Journalists said that since the military council has been severely suppressing the news media for three years after the military coup in Myanmar, the journalists’ survival and reporting difficulties are increasing. Especially the journalists who write and present the news in the country are facing these challenges more. Ko San Kyaw will present news from Yangon about the difficulties faced by independent news media and journalists during the 3 years since the coup d’état.
After the February 2021 military coup, hundreds of journalists were arrested and prosecuted, and news outlets were banned. Journalists say that media freedom has been blocked in various ways, including the killing of journalists. Currently, the military council is arresting journalists and arresting news outlets, and the freedom of the media in Myanmar is getting worse, said Nan Pho Gye chairman of the Independent Media Council.
“All along, the news media do not have the freedom to write and express themselves, nor do they have the freedom to conduct their news work in the relevant regions. The things that were supposed to be written and published are lost until now. Freedom of information is being lost. Another thing that is worse is that it has only been 3 years since the news media and those who worked as journalists are still being arrested.
Since the coup d’état, journalists have been arrested, tortured and killed in various ways. A local journalist said that there are journalists who are still fleeing from the country and are working on news projects under the arrest and prosecution of the military council.
“After the coup d’état, women journalists became scarce due to the arrests and prosecutions of the military.” There are many journalists who have left their job as journalists and gone on to other businesses. Men, like those who went abroad, left their jobs as journalists. I see a lot, not only in Rakhine, but in a whole country. There are a lot of sisters, and some of them even went armed.”
Currently, the journalists who are in the country are writing and presenting the news of what is happening in the region amidst the insecurity and challenges, especially the journalists who are in the areas where the fighting is intense. A journalist who is in the Rakhine region, where the fighting is currently raging, said that in addition to news agencies and security, it is also difficult to get information.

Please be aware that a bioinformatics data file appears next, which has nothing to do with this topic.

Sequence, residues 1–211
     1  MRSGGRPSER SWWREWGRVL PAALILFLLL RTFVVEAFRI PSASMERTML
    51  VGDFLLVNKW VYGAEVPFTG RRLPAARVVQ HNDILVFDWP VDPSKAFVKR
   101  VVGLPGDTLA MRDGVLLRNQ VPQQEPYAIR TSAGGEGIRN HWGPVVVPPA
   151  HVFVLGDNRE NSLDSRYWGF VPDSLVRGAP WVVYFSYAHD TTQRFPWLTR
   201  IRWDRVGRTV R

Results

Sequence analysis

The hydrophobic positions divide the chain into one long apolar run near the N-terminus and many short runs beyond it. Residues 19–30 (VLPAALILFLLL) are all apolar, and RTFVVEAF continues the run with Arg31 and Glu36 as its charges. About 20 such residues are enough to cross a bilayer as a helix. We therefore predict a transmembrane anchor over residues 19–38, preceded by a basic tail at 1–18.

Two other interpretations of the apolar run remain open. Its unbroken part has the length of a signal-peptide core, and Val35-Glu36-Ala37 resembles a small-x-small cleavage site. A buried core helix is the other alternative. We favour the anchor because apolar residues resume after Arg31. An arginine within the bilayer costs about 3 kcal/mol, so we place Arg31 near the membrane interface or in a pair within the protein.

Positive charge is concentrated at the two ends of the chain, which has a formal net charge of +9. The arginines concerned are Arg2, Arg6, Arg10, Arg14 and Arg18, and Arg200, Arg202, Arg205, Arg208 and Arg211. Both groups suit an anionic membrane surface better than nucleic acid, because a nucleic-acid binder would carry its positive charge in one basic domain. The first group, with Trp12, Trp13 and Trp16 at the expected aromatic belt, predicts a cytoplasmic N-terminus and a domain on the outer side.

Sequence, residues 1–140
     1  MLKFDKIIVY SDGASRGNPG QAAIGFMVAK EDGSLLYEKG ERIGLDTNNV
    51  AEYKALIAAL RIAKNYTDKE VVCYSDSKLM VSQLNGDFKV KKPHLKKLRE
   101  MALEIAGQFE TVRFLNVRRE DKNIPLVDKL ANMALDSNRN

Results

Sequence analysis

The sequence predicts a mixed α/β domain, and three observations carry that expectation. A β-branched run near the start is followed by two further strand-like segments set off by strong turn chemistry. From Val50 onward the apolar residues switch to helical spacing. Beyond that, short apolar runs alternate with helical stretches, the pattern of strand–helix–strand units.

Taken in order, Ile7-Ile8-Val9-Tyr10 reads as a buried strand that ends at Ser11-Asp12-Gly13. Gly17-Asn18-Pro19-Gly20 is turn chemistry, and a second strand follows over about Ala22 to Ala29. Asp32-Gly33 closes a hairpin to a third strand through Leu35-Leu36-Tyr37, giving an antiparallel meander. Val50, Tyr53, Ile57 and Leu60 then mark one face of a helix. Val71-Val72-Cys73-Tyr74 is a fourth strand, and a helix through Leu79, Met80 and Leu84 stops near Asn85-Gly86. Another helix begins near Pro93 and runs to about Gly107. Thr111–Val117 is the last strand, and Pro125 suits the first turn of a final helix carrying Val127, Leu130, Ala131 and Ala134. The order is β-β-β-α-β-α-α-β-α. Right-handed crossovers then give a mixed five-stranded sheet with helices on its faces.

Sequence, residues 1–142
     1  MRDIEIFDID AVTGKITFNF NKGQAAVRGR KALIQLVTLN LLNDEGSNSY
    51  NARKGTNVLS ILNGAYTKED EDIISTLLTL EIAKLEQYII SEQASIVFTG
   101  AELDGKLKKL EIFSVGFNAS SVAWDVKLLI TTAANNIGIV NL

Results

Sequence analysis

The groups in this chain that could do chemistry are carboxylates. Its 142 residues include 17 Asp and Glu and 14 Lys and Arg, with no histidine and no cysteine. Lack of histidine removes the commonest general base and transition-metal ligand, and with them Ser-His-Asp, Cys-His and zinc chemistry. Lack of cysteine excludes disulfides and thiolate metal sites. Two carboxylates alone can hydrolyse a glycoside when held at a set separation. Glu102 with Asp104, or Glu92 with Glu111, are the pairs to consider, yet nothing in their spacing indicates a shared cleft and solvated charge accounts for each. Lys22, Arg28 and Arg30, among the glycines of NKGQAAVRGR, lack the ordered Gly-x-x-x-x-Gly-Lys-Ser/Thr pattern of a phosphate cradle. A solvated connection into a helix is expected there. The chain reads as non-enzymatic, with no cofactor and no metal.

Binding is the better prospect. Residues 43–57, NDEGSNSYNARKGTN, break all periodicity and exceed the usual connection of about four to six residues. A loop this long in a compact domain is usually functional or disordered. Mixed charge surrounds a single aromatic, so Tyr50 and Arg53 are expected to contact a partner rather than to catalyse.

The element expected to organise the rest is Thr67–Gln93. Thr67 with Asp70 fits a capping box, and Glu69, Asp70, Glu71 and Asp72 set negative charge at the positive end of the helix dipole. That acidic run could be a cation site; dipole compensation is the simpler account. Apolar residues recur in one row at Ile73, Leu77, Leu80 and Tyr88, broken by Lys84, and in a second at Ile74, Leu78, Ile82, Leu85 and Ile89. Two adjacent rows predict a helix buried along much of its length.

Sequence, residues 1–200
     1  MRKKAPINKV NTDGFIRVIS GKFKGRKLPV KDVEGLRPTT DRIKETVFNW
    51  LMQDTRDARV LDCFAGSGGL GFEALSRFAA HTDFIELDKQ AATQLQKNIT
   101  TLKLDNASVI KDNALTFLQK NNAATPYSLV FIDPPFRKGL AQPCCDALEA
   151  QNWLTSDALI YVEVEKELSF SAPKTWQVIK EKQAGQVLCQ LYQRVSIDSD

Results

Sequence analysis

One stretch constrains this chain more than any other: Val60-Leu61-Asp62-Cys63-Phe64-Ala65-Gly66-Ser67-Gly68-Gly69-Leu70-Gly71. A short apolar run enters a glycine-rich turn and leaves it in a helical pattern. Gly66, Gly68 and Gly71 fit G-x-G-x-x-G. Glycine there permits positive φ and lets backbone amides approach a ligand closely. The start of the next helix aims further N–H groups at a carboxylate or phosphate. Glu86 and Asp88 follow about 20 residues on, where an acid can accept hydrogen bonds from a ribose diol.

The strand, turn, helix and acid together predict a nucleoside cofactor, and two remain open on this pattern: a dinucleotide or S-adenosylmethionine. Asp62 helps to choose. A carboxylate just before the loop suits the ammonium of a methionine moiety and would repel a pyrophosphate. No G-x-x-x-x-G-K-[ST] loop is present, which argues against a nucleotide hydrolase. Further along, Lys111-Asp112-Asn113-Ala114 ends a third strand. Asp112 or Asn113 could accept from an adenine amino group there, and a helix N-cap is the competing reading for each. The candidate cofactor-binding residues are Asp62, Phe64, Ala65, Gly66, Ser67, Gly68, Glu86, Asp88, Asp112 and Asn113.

“Sisters, we are now in a place where there is no internet at all. My sister reached a situation where she couldn’t do anything about the news. As for news outlets that run domestically rather than abroad, they are no longer able to present news because they do not have access to the Internet. I don’t even have a phone line here. It’s worse in northern Rakhine. All the difficulties for the reporters and the locals. My sisters are now unemployed. “
After the coup, the military council officially shut down about 15 media outlets and arrested and released about 600 journalists. However, a newspaper teacher said that as many as 50 journalists have been imprisoned so far, the number of journalists participating in amnesty has decreased.
“They base the number of journalists on 40, It’s like keeping about 50, There are 20 people who were released at the beginning of 2121. However, in the cases released in 2022 and 2023, a maximum of 5 journalists are included. Now, in the latter part, there are not even 2 or 3. They are always about 50 journalists in prison, because they have been sentenced to a lot of punishment, and as I said earlier, they are not included in the paroles.
Since the military coup d’état, the military council has clamped down on the news media, and currently, the phone and internet lines have been cut off in areas of the country where there is a military conflict, and journalists are also facing difficulties.
After the coup d’état, Myanmar’s media industry has gone backwards for a decade, and Myanmar is among the top 10 countries with the worst press freedom in the world, according to the report of the non-regulated journalists’ group RSF, which monitors press freedom at the end of 2023.